A dedicated travel agency that specifically caters to the travel needs of the City of Nanaimo could soon take flight.
The municipality is looking for a “qualified” travel agency provider than can provide council and staff with efficient, cost-effective and user-friendly travel service, according to a request for proposal that is currently under evaluation by staff.
Jane Rushton, the city’s purchasing manager, said the goal is to find a corporate travel service provider that can lower costs and streamline the way travel is booked across all of the city’s departments, which are currently responsible for booking their own travel itineraries.
“We want someone to book our travel through, with, potentially, the intent to lower our costs, streamline our processes and maybe do some reporting on where we spend our travel dollars,” Rushton said. “Right now, it’s ad hoc.”
According to the RFP, which was issued last month, the successful company must be able to provide a wide range of travel-related services, including a dedicated account manager, detailed weather forecasts, after-hour services, secure booking, respond to city inquiries within four hours, offer real-time information about passport, visa, and health regulations and baggage policies.
Rushton said at the end of the day, the city wants a company that provides services that go beyond what the average person can accomplish online.
“You don’t want to contract with somebody that is going to take three days to do something that you could do in a half an hour,” she said. “What we want is a company that is going to give us value.”
Currently, the city does not keep detailed records about council or staff’s travel habits beyond travel expenses that are submitted to the finance department.
“We have budgets and conceivably you can go back at the end of the year and say ‘yeah, OK, I spent ‘X’ amount in that budget and that budget was for travel,’ but it might mean that you took your car to Duncan and talked to the Cowichan Valley Regional District,” Rushton said, adding that more information would be an asset to the city.
The city has a travel budget of $200,000 for this year, but Rushton could not say how much hiring a travel agency would cost as bids are currently under evaluation. Rushton said a decision is expected to be made within a matter of weeks.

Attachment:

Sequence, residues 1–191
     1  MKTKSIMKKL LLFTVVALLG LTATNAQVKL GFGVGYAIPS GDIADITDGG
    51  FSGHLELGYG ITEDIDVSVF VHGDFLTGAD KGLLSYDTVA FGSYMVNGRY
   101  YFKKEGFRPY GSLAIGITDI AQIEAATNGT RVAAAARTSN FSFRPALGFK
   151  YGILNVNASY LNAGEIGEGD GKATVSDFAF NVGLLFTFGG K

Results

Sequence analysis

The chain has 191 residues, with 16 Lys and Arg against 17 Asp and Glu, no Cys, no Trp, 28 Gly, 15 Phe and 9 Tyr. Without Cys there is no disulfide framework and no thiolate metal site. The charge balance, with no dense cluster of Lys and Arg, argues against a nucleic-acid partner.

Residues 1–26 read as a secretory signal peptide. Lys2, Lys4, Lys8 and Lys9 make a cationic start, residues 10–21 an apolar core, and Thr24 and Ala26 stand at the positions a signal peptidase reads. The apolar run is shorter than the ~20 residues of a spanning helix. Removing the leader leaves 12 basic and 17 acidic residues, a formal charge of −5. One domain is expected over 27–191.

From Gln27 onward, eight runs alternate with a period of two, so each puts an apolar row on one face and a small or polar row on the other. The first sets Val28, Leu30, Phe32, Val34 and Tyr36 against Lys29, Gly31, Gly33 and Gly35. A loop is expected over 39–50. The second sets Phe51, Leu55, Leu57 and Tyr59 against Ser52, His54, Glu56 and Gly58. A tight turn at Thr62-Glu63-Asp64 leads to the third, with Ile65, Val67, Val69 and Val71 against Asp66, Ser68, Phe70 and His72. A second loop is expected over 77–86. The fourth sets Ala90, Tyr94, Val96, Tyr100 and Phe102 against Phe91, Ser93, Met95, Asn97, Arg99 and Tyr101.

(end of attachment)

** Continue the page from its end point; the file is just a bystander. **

The RFP was issued a day before the city released a press release stating that for years it has allowed certain staff and council members to “incur” business expenses and personal expenses on city-issued purchase cards. It also said KPMG had completed a review of business expense policies, found the city to be outdated and recommended that the city create new guidelines on travel expenses, introduce travel cards that are separate from purchase cards and hire a travel service company.
Nanaimo Mayor Bill McKay said the idea to hire a corporate travel service company was first suggested in December and he is supportive of it.
“If you’re sending all of council to a conference and you’ve got to deal with hotel rooms, air fares, transfers and all of that stuff it can take up a ton of [staff] time,” he said, adding that he and councillors are heading to a conference in Halifax next month and that staff had to spent hours sorting out booking details.
McKay said the decision to find a company did not need to be voted on by council because the city’s travel budget does not exceed $250,000. He added that the idea was supported by the chief administrative officer.
“I think it could save the city money,” he said.
When asked if the decision was due to abuse of travel expenses by city staff or councillors, McKay said that he does not believe there has been “any misuse” of city money allocated for travel, but pointed out that having a company handle all the booking will better protect the municipality from unnecessary expenses.
“It prevents people from booking independently and costing the city money … it puts a tighter control on things,” he said.